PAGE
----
For more than 10 years, Michael Reid has worked on the central and north coast of British Columbia on resource management, planning and capacity-building. Mike joined Nature United in 2014 and leads our work in B.C., including supporting local and Indigenous leadership and stewardship initiatives and advancing Natural Climate Solutions in partnership with local communities and other interest groups. He has a M.Sc. in Environment and Development from Kings College, London.
Alaska, Meet Great Bear
2016, Reflections on a cross-border learning exchange
On a clear, cool night gathered around a crackling fire in the middle of a rainforest, it was as if the 800 kilometers between southeast Alaska and the tiny coastal community of Bella Bella, in British Columbia, had melted away.
One by one, young voices joined together in traditional songs that had been handed down through generations. Using kindling as drumsticks, they carried the rhythm as the outer circle of onlookers—including educators, leaders and conservationists from three Alaskan communities and two B.C. First Nations—sat silently, mesmerized by the spirit of these young people. That is until one child started giggling, setting off a chain reaction and bringing the song to a cheerful end.“I haven’t been this inspired in a long time,” whispered Chandler, who’s from Sitka, Alaska. She was part of a delegation from the Sustainable Southeast Partnership (SSP), a network of communities and organizations working together to build healthy prosperous communities in southeast Alaska. Earlier this month, the delegation traveled to this spot in the Great Bear Rainforest, called Koeye, to see and experience first-hand the youth leadership and stewardship programs that First Nations in Great Bear have been championing for almost a decade.
We call this landscape—the world’s largest intact coastal rainforest, spanning the coasts of Washington, B.C. and southeast Alaska—the Emerald Edge. By looking at this scale, Nature United has facilitated connections between First Nations who are striving to ensure the well-being of their communities and the resources they depend on.
“We’re all the same people, sharing culture, water, and resources, and dealing with similar challenges,” summed up Carrie, a delegate who lives in the Haida village of Kasaan, in Alaska. “It only makes sense that we work together.”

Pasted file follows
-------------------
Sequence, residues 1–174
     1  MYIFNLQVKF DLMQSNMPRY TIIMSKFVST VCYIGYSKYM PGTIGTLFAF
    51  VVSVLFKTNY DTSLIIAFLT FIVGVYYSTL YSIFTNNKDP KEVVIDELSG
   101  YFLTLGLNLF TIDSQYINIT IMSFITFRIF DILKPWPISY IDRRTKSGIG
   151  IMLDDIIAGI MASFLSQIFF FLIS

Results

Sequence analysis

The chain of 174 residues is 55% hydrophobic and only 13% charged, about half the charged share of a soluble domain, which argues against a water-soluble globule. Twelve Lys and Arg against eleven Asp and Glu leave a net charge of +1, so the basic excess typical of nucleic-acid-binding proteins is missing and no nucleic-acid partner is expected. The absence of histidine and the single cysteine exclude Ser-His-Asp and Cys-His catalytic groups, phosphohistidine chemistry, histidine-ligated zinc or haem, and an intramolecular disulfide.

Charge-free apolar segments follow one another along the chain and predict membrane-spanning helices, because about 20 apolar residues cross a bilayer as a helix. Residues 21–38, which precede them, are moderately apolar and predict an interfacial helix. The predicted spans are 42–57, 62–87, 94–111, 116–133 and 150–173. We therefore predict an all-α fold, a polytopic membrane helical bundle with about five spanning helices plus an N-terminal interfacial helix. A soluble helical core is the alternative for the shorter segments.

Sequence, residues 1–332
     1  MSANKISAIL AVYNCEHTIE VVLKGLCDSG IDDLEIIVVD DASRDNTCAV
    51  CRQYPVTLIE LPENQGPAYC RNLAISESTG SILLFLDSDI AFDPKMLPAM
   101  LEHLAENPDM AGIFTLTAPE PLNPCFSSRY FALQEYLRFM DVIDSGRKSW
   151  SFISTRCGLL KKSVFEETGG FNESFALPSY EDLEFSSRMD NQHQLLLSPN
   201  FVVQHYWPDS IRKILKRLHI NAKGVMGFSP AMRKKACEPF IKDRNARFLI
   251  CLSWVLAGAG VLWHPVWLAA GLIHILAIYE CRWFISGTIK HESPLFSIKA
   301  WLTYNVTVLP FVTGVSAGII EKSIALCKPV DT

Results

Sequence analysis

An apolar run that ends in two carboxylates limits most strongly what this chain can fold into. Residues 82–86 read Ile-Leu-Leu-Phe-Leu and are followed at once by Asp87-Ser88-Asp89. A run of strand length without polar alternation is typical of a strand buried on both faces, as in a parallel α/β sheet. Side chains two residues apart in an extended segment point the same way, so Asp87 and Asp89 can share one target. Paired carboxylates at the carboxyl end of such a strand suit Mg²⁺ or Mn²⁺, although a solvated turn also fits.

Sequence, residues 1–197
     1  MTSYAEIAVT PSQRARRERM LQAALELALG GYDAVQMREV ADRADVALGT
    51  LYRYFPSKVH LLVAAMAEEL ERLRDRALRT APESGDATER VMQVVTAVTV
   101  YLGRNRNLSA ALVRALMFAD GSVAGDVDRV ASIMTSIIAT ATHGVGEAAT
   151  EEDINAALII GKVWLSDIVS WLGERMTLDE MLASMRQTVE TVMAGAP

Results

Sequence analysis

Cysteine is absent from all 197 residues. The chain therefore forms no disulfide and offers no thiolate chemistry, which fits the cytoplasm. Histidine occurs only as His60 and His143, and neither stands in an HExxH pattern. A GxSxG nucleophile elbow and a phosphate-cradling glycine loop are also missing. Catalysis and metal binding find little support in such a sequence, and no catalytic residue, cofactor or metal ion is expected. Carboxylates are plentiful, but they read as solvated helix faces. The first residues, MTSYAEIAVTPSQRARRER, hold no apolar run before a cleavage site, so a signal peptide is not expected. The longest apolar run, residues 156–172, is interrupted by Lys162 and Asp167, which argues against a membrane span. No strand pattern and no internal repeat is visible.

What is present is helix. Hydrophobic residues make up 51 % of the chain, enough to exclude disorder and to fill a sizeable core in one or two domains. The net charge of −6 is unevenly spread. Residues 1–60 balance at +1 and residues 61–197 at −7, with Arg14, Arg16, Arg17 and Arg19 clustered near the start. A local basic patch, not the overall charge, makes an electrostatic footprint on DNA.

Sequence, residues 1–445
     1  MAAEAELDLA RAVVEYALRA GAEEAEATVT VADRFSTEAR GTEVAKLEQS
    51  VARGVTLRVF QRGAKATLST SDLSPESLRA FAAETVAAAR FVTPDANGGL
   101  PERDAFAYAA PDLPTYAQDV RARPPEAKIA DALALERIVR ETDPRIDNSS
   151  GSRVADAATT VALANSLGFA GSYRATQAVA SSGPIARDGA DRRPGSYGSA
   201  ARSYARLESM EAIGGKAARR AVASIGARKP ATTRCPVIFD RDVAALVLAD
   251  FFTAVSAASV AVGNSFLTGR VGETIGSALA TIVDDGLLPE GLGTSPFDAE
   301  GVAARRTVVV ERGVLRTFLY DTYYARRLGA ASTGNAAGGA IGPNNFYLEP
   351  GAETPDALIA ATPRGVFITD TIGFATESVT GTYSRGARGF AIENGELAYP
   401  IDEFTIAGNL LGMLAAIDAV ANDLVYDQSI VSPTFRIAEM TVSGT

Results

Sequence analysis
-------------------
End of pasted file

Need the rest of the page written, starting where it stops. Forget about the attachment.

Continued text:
Koeye was an extra special place to host the cross-border exchange: It is the site where First Nations youth gather to learn about their culture and traditional lands, as part of an initiative called SEAS, or Supporting Emerging Aboriginal Stewards. As Bob, an SSP resource manager, recounted:
“Over the three days we spent at Koeye, I had conversations with young people and teachers that spoke volumes about the value of the SEAS program to them personally, and to the present and future vitality of their culture and communities.”
The camp at Koeye was founded by the Qqs Projects Society, a Heiltsuk non-profit based out of Bella Bella (Qqs means “eyes” in Heiltsuk and is pronounced kucks.) The Koeye River is also where all five species of Pacific salmon spawn throughout the year, and consequently, it is critical bear habitat. The Heiltsuk are engaged in long-term research and monitoring to better understand and manage this place. The watershed was designated by the Heiltsuk as a conservation area through the Great Bear Rainforest Agreement, the final phase of which was completed this past February.
In Bella Bella, the delegation also spent time with the Heiltsuk Integrated Resource Management Department, learning about how the nation has done extensive mapping of traditional use data and influenced resource development in their territory. The delegates shared stories and successes from Alaska, including forestry partnerships, business competitions to spur economic growth, and salmon habitat restoration.
“A trip like this really drives home our connection to one another through the land and the sea, and our common interests in cultural diversity, youth education, wild food gathering and the awe-inspiring beauty of the Emerald Edge,” wrote Bob, following the exchange.
Back to the campfire. After the third song, one young man suggested that they dance. A few brave ones got up and circled the fire. They moved with a confidence and pride that seems rare for children this age. It was a moment that reflected the cornerstone of SEAS: fostering a connection to place, culture and identity. It was a moment of deep connection and learning that could not be described, that had to be experienced—and fortunately, the Alaskan delegation was there to witness it first-hand.